Friday, May 11, 2012

Tasty Water Part II – When Water is a Flour

Rock Flour or Glacial Milk refers to finely ground rocks pulverized by active glaciers. The resulting material that is of fine silt or clay size is easily suspended by flowing meltwaters and the inorganic particles usually only settle out when they reaches quiescent waters of a lake or coastal embayment. Sedimentological classifications call “silt” any particle between 3.9 and 62.5 μ and “clay” if it’s less than 3.9 μ (a μ is 1/1000 of a millimeter). So this stuff can stay suspended in a water column for quite a while.
Peyto Lake, Canada

Around the world, many cultures utilize rock flour in agriculture to add a source of inorganic nutrients to their soils.  But also, a number of cultures tout the dietary benefits of consuming Glacial Milk (I’m not referring to the brand of over-the-counter vitamin supplements that go by this name, but the real thing). But glacial rock flour is actually sold as a dietary supplement. Here is one such commercial supplier and part of their claim reads:

“Glacial milk is rich in essential minerals and has been known since ancient times to be a nutritional supplement of high value. For centuries, glacial milk has been known as a secret for health, energy, youth and beauty, a true fountain of youth for skin and organism. Glacial milk contains highly valuable minerals and trace elements in naturally balanced proportions which makes it to be rejuvenating and energizing for our whole organisms. Glacial milk is a water of life.”

Sounds tempting, and what could be the harm you ask? Unfortunately, claims of health benefits are unfounded and such suppliers oversell without shame (“water of life”? Please). Also, I don’t think the people behind such businesses have much of a grasp of science.  Reading further into their website: “Naturally grown rock which is ground or weathered into smallest particles is the base of all living organisms on earth because of their function as building blocks.”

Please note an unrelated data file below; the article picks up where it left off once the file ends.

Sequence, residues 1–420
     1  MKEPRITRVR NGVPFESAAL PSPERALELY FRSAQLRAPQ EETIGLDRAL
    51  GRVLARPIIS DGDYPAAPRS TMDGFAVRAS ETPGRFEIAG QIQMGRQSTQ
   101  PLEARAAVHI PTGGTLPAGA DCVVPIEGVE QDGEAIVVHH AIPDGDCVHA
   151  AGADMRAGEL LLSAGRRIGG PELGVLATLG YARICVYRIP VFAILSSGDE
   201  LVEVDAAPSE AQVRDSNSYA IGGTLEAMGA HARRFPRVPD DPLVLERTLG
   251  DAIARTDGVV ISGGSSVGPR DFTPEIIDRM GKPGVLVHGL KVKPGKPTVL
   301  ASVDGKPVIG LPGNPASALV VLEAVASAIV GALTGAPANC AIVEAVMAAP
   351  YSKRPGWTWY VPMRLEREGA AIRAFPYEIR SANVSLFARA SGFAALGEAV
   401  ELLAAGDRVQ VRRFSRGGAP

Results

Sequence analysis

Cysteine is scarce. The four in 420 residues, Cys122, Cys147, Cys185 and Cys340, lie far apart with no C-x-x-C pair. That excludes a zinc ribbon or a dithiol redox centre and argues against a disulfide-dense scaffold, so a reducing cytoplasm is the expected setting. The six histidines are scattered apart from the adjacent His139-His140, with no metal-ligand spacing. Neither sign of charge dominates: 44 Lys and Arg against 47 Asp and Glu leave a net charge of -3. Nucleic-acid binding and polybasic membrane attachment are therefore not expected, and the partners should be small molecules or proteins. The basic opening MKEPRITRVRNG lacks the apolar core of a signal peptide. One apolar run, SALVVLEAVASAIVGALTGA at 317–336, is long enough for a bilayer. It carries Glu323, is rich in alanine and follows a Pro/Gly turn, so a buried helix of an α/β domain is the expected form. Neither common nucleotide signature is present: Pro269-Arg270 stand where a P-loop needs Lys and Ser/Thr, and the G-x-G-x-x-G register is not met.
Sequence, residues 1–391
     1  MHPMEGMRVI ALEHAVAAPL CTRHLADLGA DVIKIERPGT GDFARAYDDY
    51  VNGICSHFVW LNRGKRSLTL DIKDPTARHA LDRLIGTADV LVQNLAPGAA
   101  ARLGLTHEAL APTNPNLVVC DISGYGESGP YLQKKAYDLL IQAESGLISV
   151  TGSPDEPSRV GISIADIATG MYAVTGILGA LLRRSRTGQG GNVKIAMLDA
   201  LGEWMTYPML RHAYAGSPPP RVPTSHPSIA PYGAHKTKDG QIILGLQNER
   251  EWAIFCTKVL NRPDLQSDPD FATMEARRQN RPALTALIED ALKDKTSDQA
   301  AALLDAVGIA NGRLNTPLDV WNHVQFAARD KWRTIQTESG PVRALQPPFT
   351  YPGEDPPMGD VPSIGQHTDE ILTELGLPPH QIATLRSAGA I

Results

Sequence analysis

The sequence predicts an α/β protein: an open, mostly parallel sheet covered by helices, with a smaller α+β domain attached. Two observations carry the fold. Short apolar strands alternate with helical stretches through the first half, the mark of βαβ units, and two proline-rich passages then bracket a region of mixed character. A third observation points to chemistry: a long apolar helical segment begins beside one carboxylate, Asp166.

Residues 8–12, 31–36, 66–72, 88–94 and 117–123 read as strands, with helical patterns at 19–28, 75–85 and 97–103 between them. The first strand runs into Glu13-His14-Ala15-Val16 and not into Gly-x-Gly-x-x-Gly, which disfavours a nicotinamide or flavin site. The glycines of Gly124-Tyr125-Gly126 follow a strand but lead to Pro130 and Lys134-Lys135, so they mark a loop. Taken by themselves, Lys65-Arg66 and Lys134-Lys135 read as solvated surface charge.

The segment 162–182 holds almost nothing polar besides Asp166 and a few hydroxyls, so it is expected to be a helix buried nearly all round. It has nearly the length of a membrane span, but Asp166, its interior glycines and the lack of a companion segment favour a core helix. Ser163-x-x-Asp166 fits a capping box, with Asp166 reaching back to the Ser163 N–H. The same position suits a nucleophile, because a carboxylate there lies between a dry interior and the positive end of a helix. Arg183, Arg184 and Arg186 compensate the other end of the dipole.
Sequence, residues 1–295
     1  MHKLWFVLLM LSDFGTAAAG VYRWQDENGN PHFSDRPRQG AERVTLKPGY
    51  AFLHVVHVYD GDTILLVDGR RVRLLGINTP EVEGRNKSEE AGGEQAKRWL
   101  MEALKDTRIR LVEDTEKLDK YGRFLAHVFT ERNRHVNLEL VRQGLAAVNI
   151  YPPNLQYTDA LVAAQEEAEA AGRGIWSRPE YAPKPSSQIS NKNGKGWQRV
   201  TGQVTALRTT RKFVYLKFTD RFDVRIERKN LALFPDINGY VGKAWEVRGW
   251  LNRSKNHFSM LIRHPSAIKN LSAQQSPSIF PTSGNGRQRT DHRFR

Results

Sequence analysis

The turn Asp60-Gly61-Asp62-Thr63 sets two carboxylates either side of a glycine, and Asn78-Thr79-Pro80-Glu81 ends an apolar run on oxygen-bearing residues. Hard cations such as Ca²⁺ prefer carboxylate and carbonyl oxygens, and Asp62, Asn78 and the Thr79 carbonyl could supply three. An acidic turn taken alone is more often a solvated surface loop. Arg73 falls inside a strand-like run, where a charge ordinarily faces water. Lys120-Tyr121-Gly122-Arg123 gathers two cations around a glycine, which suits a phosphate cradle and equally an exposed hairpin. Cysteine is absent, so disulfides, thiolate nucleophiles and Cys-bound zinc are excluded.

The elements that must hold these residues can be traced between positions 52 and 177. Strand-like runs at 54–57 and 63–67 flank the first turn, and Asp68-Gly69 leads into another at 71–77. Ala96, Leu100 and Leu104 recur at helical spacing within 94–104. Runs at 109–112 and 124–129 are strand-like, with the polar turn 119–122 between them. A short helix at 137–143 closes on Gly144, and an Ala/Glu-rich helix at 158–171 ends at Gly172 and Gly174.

Naturally grown rock? I’ll stick with my Poland Spring Water, thanks just the same.


Gringo said...

I can attest to the health benefits of imbibing a certain "rock" in solution: bentonite [clay for those who haven't heard of it.]. Bentonite is used by the ton in the fluids used in drilling oil and gas wells.

If you are stuck in a rig in the jungle and have the runs, a water-bentonite solution will at least reduce your trips to the bathroom. But I wouldn't call it "glacial milk."

I have also heard of clay being eaten in certain rural cultures.

Assistant Village Idiot said...

Aqua vita - "water of life," gave it's name to the Swedish alcoholic beverage aqvavit. And whiskey comes from Gaelic uisge bearha, "water of life."

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Jual Pakaian Dalam Wanita said...

Best infos
this happen too in lake near my house

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i like it, thanks for mention it